Biomarkers and outcome in children with hypoxic ischemic encephalopathy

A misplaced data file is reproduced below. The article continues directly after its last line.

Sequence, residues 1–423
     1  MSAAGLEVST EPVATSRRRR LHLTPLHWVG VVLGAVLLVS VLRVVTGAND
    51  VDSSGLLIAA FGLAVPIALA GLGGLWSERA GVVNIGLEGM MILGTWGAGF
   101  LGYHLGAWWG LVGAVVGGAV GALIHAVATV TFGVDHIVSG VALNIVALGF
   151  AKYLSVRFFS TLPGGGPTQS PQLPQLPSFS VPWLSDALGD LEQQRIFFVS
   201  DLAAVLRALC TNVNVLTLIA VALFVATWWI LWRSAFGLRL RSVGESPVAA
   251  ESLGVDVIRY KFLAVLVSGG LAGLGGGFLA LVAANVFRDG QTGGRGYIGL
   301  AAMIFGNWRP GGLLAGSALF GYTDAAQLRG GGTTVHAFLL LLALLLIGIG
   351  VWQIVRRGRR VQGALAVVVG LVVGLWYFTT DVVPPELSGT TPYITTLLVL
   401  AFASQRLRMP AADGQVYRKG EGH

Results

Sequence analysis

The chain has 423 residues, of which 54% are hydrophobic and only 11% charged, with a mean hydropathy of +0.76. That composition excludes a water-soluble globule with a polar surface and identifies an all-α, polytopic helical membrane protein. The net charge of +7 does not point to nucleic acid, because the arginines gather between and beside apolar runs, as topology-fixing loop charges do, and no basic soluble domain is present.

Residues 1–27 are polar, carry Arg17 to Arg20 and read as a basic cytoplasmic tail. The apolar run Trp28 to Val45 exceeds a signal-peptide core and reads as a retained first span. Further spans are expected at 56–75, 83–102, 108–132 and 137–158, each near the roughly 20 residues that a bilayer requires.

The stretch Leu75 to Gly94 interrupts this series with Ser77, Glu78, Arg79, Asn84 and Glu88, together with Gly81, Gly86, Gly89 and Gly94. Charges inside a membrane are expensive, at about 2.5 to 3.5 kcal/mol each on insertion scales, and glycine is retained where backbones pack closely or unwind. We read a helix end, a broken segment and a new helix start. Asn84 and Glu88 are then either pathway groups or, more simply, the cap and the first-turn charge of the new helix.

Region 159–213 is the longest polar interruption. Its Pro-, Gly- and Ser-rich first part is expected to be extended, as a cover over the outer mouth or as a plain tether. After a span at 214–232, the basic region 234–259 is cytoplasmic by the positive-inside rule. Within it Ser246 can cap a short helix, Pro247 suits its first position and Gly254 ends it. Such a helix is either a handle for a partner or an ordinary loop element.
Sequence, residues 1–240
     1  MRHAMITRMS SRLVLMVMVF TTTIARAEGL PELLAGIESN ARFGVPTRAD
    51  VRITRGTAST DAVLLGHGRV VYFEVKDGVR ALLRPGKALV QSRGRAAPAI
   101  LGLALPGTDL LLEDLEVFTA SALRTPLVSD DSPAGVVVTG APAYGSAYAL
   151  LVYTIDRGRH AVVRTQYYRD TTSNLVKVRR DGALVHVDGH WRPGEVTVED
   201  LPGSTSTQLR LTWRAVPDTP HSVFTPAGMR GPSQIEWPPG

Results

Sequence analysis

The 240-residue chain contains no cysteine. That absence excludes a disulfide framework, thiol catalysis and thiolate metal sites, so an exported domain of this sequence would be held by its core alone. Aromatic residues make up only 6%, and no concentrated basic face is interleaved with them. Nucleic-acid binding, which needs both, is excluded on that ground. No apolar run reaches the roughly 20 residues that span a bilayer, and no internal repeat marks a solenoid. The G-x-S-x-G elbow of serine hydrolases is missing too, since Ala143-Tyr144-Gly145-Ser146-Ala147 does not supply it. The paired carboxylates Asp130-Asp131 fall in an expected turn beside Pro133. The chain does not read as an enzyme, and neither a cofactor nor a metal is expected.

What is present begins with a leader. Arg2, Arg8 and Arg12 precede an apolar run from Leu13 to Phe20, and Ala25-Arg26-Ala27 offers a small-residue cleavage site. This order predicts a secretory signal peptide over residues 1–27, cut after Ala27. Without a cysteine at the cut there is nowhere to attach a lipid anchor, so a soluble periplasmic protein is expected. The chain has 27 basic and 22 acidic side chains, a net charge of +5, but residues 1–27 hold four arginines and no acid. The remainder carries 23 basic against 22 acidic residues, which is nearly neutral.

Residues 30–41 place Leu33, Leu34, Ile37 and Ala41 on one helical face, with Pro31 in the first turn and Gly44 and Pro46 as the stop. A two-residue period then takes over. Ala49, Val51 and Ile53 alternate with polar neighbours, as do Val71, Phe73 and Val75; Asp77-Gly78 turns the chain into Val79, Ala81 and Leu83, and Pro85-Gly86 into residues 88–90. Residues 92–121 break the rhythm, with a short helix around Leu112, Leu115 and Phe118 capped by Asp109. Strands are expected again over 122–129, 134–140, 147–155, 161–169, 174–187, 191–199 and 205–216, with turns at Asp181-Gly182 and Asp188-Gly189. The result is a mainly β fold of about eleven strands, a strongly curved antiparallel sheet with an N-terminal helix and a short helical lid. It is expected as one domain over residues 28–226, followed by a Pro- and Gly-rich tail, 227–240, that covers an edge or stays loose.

Abstract: Approximately 1-6 per 1000 born infants will develop hypoxic-ischemic encephalopathy (HIE) with significant associated mortality and morbidity. For the past 45 years, severity of HIE has been stratified into mild, moderate, and severe. Seizures are common in moderate to severe cases of HIE. There is evidence that neonatal seizures are harmful, especially after perinatal asphyxia, and current clinical consensus is that neonatal seizures should be identified early and treated promptly. Therapeutic hypothermia has been shown to reduce risk of death and disability among newborns with moderate-severe HIE. There is evidence that early cooling improves outcome, which makes timely identification of infants with HIE important. The overall aim of this thesis was to improve treatment of children with HIE through studies of early identification of infants in need of neuroprotective treatment, and to assess outcome in children with mild HIE. In two separate cohorts, umbilical cord blood miRNA-181b showed potential as a predictor of moderate-severe HIE. Levels of mUCH-L1 were significantly higher in children who developed HIE, but that difference was mainly caused by higher levels in children with severe HIE. In a multicenter randomized controlled trial (RCT) including patients recruited from eight European NICUs, the addition of an automated seizure detection algorithm (ANSeR) did not improve sensitivity in identification of infants with seizures in a clinical setting. We did however observe an increased sensitivity for individual seizure hours, with the largest difference in sensitivity observed during weekends. Using data from four prospective cohorts from Cork, Ireland and Stockholm, Sweden, children with a history of mild HIE at birth were shown to have lower cognitive composite scores measured with BSITD-III at two years of age compared to a healthy control group. The cognitive composite scores of children with mild HIE were not significantly different from that of survivors of moderate HIE treated with therapeutic hypothermia. In a population-based, longitudinal study of all children treated with therapeutic hypothermia at birth between 2007-2009 in Stockholm, Sweden, BSITD-III was shown to detect children at risk of later poor outcome but was insufficient to predict neurocognitive trajectory. We concluded that it is important that studies of outcome in HIE, but also clinical follow-up, continue into school age.
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